And, just when the 80-strong audience thought they’d had their lot, Jackson returned to deliver an off-mic encore of Sam Cooke’s classic, ‘A Change Is Gonna Come’. It was a truly breathtaking end. Downend Folk Club audiences have never really done standing-ovations, but by the end of Jackson’s set, at least half were on their feet.
Opening the evening was the Somerset-based Hannah Cumming, who performed a five-song set without putting a foot wrong, and set the tone for the evening. The fiddle-singer (a type of act not seen at Downend Folk Club since Bella Hardy back in the early-days), performed a set of immense quality and opened the evening in superb style, winding her way through folk standards (‘Davy’, ‘Tilbury Town’) alongside a couple of Cyril Tawney covers (‘Grey Funnel Line’, ‘Sally Free And Easy’), with a cheeky Florence And The Machine cover (‘What The Water Gave Me’) thrown in for good luck. This girl is talented… watch this space!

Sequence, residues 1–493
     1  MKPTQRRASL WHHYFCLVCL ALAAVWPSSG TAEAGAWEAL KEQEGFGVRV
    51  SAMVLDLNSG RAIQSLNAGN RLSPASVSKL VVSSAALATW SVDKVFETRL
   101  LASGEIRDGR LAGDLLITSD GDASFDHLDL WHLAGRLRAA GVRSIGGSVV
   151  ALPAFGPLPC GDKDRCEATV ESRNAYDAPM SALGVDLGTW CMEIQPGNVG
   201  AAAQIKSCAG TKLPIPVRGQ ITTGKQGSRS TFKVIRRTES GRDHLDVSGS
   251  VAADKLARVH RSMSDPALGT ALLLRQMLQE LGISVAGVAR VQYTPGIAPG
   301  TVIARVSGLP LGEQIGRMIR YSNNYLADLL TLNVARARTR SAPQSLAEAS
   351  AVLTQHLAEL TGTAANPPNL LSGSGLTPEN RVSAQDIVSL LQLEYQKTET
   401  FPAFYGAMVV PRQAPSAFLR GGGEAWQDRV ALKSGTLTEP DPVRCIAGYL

Words: Ant Miles
Photo: Julian Cox
Next at Downend Folk Club
Mairearad & Anna
(support from Steffan Lewis & Rachel Foster)
Christ Church Downend,
Friday April 15,
Doors open 7.30pm
Two of Scotland’s finest musicians are the guests as Downend Folk Club continue to bring the cream of the UK folk scene to the area.
Mairearad & Anna will headline the club’s April event on Friday 15th April 2016 at Christ Church, right in the heart of Downend itself. They will bring a new twist to what the club offers as the first visitors from a vibrant traditional music scene in Scotland, and are sure to delight audiences old and new. Mixing an eclectic repertoire with exemplary stage presence, this duo really is one to savour.